12/24/2023

My problem with the “it’s all subjective” line of thinking isn’t necessarily that it’s a position with no merit, but rather that it masks a lack of understanding, and prevents meaningful disagreement or reconciliation of different points of view.

Matters of artistic taste, matters of ethics, these things can’t be reduced to differences in personal preference, like your favorite flavor of ice cream. Again, that’s not to deny that they are relative in an important sense. But their relativity is contingent on shared culture and a shared human condition.

12/6/2023

Something I would like to think about more intentionally is serendipity, and particularly the role of serendipity in the techno-capitalist age we live in.

12/4/2023

A conflation I would like to explore: we typically use “narrative” to mean a chronology, but we also use it to refer to representations of people or things at single moments in time. Maybe the meaning has expanded in this way because we pull from our pasts to generate unified representations of our present selves?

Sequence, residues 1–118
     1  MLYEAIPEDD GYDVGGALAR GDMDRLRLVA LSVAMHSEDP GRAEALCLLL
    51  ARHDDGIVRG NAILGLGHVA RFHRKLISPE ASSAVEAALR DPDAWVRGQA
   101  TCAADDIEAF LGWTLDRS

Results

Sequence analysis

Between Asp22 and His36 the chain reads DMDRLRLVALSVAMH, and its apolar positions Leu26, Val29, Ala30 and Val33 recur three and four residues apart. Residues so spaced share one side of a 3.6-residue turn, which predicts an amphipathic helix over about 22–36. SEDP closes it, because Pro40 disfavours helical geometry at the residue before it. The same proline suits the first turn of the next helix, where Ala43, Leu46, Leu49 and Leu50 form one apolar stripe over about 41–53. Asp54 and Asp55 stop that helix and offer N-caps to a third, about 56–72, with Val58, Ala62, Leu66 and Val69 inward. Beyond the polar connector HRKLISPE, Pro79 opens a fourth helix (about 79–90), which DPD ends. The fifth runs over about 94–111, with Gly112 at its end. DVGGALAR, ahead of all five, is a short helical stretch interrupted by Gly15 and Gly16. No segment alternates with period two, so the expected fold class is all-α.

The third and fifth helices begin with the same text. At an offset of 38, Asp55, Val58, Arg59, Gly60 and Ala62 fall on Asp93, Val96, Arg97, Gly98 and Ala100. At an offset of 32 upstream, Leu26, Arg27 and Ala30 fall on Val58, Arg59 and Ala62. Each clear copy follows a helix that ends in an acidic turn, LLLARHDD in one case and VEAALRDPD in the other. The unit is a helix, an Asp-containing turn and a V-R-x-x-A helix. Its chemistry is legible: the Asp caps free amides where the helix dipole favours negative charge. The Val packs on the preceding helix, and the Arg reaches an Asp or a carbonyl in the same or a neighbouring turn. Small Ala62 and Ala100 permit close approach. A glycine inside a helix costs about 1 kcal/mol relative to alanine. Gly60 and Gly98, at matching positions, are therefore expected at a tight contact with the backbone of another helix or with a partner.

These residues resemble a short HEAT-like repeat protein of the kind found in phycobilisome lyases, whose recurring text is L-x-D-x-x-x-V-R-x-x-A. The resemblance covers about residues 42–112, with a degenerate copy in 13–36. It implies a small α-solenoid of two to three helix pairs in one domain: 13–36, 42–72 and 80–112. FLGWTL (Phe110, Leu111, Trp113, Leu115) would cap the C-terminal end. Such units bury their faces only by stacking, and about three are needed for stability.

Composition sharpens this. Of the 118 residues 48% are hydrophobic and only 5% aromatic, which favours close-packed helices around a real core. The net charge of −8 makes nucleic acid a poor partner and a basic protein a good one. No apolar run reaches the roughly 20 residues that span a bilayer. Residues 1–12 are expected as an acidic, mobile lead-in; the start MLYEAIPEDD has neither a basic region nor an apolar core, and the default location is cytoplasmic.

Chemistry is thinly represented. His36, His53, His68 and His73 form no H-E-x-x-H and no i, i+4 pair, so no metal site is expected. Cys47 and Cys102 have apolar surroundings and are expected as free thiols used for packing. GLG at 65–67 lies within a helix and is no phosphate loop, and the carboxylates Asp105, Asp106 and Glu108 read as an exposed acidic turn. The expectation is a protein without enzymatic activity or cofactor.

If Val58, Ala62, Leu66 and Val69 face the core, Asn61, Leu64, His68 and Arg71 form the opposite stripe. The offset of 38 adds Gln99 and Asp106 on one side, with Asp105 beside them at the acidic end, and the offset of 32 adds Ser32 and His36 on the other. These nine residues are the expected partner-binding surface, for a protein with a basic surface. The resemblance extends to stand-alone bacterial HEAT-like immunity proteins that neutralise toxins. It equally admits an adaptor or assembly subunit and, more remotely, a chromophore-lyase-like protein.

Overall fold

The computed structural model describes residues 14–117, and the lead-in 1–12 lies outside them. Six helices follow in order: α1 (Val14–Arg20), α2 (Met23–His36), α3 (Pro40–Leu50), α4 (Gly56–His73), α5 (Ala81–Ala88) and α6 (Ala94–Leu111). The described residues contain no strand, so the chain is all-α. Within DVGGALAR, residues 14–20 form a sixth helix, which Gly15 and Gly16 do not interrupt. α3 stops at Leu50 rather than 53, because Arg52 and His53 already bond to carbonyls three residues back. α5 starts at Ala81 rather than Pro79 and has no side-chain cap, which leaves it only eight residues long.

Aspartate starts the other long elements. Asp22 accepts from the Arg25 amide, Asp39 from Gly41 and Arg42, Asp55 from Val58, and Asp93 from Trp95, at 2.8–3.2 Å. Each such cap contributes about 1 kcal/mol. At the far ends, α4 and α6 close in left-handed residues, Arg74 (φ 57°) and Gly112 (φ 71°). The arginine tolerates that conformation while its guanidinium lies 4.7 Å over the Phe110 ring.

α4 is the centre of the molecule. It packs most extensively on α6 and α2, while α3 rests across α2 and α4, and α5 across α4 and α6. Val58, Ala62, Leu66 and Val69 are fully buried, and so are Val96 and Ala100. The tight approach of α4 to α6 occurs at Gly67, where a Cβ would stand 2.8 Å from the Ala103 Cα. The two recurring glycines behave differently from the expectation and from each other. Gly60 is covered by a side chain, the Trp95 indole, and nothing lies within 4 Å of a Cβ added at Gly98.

12/1/2023

People often use the term “philosophy” to describe a set of rules or guiding principles for how to behave, but I like to think of it as almost the antithesis to this: philosophy is what you do when your rules cease to make sense or fail to account for your present circumstances. This is similar to the distinction that John Dewey marks between “customary” and “reflective” morality.

11/12/2023

One thing that it has taken me a while to wrap my head around is how designers work collaboratively; design seems to depend on the execution of a single coherent vision, and I wasn't sure how you could bring multiple people into that process as equal creative partners.